Sixty patients scheduled for elective cholecystectomy under general anesthesia were enrolled in the study and randomly allocated into two groups: group M and group C. Patients in group M received 20 ml of MgSO 4 10%, whereas patients in group C received the same volume of 0.9% sodium chloride in a double-blinded manner.

Both groups were comparable regarding demographic data as well as surgical duration ([Table 1]).
Table 1 Patient characteristics and surgical data

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Baseline serum magnesium concentrations were comparable in the two groups (P = 0.529). Postoperative serum magnesium concentrations in group M were significantly higher (2.24 ± 0.28 mg/dl) as compared with group C (1.93 ± 0.30 mg/dl) and with baseline (1.92 ± 0.32 mg/dl) (P < 0.001) ([Table 2]).
Table 2 Serum magnesium levels

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As regards hemodynamic parameters, baseline mean arterial pressure and heart rate were similar in the two groups. However, mean arterial pressure and heart rate were significantly higher in group C than in group M at 10, 20, and 30 min after pneumoperitoneum, and at the time of extubation ([Figure 1]). Compared with baseline values, mean arterial pressure was higher at 10, 20, and 30 min after pneumoperitoneum and after surgery in group C (P < 0.01).
Figure 1: Hemodynamic parameters during laparoscopic cholecystectomy. Values are expressed as mean (SD). Lines are mean and error bars are SD. * Significant P-value. (a) Heart rate, (b) mean blood pressure.

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Recovery characteristics in terms of extubation time (9.70 ± 1.12 vs. 6.77 ± 0.73) and emergence time (19.83 ± 1.44 vs. 15.93 ± 1.60) were significantly longer in group M compared with group C. Also, time to reach full Aldrete score was significantly longer in group M compared with group C (43.03 ± 8 vs. 21.4 ± 4.7) ([Table 3]).
Table 3 Recovery characteristics

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Median pain scores (VAS) were significantly lower in group M when compared with group C during the first 6 postoperative hours ([Figure 2]). Regarding the pattern of pain, it was predominantly of incisional type (53.3%), followed by intra-abdominal type (33.3%), in group M. In group C, it was predominantly of intra-abdominal type (83.3%) followed by incisional type (70%). Only two patients in group M and three patients in group C complained of shoulder pain ([Table 4]).
Figure 2: Visual Analog Score (VAS) for pain during the first 24 postoperative hours. The middle line in each box represents the median, the outer margins of the box represent the interquartile range, and the whiskers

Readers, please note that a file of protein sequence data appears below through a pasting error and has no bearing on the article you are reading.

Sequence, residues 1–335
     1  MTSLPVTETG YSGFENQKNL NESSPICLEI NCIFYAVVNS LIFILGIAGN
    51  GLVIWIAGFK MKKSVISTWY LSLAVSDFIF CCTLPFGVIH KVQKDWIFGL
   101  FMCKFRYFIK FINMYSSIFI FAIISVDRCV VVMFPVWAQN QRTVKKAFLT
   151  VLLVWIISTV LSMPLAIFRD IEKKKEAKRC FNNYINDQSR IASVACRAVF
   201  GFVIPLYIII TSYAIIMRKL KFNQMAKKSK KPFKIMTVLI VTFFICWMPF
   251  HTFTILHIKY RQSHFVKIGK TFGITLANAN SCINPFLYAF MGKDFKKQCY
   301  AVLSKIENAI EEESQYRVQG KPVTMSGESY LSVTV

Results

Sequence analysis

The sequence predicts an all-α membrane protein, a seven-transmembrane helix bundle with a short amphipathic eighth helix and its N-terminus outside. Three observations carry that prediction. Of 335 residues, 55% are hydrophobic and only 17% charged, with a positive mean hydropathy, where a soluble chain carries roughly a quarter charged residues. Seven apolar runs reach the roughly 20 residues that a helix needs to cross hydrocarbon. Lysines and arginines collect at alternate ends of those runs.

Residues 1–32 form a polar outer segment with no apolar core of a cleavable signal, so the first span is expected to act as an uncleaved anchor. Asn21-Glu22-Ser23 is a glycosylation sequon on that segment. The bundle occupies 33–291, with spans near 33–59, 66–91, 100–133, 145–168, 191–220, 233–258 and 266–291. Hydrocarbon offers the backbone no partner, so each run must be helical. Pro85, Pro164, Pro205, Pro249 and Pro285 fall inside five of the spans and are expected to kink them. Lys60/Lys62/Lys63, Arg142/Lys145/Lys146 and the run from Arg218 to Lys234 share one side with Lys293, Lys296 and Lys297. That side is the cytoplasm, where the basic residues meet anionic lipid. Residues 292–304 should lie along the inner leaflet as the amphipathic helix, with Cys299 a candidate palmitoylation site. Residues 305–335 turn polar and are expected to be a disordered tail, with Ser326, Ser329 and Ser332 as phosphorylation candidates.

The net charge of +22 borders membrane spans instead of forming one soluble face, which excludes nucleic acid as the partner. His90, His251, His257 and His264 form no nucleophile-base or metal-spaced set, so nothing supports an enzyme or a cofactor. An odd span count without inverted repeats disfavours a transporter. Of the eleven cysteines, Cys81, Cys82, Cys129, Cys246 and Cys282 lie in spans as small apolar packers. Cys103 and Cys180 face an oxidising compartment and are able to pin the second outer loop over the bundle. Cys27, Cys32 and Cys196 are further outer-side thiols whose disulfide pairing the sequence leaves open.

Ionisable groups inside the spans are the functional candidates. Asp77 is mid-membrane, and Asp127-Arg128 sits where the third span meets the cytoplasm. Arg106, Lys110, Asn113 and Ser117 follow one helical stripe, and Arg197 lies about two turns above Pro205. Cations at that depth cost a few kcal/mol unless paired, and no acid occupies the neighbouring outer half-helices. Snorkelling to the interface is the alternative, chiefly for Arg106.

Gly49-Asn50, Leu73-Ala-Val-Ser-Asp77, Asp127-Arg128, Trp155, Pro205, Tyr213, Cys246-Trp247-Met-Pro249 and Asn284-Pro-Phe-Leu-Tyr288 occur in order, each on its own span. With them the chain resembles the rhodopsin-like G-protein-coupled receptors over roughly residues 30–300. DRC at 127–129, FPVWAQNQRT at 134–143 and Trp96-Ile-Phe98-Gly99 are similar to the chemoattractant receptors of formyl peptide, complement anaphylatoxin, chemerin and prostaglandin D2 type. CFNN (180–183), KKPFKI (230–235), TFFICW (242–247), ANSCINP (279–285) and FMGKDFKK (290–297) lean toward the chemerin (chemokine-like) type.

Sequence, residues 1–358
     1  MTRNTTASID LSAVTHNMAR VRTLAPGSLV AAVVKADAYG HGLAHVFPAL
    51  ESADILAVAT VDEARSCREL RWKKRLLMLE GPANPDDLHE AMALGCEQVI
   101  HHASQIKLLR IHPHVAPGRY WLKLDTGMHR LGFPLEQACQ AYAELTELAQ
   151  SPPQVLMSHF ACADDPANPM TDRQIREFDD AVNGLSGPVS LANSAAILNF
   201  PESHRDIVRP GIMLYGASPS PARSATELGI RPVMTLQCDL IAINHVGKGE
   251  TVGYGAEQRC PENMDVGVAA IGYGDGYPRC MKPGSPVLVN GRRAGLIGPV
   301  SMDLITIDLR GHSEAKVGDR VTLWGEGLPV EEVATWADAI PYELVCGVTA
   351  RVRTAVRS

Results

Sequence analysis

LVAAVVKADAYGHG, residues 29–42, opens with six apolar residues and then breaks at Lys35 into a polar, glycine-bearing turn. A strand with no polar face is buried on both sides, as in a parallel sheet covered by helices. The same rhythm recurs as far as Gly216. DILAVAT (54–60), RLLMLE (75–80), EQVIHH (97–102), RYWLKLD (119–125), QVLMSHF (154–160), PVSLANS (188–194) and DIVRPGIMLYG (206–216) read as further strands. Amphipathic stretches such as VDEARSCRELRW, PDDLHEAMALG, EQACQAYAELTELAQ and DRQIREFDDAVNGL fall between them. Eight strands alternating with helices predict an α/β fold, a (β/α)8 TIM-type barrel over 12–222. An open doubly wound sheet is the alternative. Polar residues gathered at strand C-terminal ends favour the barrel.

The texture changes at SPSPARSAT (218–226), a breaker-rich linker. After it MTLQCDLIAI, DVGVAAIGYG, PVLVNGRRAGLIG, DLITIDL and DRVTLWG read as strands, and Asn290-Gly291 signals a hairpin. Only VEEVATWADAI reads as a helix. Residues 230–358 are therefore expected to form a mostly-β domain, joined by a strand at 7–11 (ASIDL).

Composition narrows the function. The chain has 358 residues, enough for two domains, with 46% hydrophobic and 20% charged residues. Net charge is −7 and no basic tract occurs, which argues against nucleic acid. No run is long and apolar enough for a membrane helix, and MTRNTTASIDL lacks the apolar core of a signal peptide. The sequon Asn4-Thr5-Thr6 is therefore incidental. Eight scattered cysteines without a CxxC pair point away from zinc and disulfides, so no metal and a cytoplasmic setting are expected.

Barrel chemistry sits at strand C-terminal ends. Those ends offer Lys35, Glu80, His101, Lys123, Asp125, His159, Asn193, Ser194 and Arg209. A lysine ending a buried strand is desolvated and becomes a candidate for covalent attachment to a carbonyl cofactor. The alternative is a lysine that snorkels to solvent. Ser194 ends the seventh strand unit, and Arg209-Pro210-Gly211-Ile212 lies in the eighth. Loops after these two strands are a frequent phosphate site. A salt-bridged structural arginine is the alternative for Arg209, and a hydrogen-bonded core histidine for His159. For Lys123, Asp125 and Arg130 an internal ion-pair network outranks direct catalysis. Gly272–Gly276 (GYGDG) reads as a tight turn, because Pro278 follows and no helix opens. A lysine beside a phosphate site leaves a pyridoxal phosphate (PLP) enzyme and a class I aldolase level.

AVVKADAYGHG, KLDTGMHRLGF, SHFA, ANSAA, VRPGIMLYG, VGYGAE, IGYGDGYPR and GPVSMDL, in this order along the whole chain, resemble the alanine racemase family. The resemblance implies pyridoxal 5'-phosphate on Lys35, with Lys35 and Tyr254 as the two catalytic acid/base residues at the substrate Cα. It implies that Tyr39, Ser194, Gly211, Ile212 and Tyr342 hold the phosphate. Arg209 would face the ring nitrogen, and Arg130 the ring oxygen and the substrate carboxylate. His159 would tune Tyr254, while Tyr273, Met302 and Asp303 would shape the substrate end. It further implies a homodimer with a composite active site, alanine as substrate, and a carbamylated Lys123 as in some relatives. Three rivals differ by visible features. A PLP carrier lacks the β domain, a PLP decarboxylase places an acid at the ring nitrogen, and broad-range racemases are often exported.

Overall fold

represent the minimum and maximum for each time point.


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Table 4 Type of pain during the first 24 postoperative hours

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Time to first analgesic requirement was longer in group M (9.2 ± 3 h) than in group C (2.4 ± 1.3 h). Analgesic consumption/patient was higher in group C (80 ± 24.9 mg) than in group M (50 mg), and the difference was statistically significant. Rescue analgesics for postoperative pain control were administered only once in group M, whereas rescue analgesics were administered once in 12 patients (40%) and twice in 18 patients (60%) in group C ([Table 5]).
Table 5 Analgesic profile during the first 24 postoperative hours

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There were no postoperative side effects attributable to the MgSO 4 , such as bradypnea, hypotension, or bradycardia. Postoperative nausea was significantly higher in group C (63.3%) compared with group M (36.6%). There was no incidence of vomiting in group M as compared with four patients in group C (13.3%) ([Table 6]).
Table 6 Nausea score during the first 24 postoperative hours

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Sedation scores were significantly lower in group M when compared with group C during the first 6 postoperative hours ([Figure 3]).
Figure 3: Sedation score during the fi rst 24 postoperative hours (sedation score is expressed as median (IQR). The middle line in each box represents the median, and the outer margins of the box represent
the interquartile range. IQR, interquar tile range.


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  Discussion Top


As laparoscopic cholecystectomy is usually performed as an outpatient procedure [8] , reducing the intensity of postoperative pain and nausea becomes a clinical challenge [9] .

Improved postoperative pain treatment using opioid-sparing regimens [10] may facilitate a high success rate of outpatient laparoscopic cholecystectomy, as both pain and opioids may induce nausea. Acute hemodynamic response usually occurs during the period of the pneumoperitoneum in patients undergoing laparoscopic surgical procedures. These changes are consequent to hypercarbia-induced release of catecholamines [11] , vasopressin, or both [12],[13] . In addition, the shifts in intravascular volume resulting from the trendelenburg position can lead to hemodynamic alterations during laparoscopy.

In this study, the effect of intraperitoneal instillation of MgSO 4 alone in laparoscopic cholecystectomy was evaluated as regards hemodynamics, patient sedation and recovery characteristics, postoperative pain and analgesic requirements, and postoperative nausea and vomiting. Blood magnesium level and the sedation score in the PACU were studied to conclude a safe and effective level of MgSO 4 after peritoneal instillation.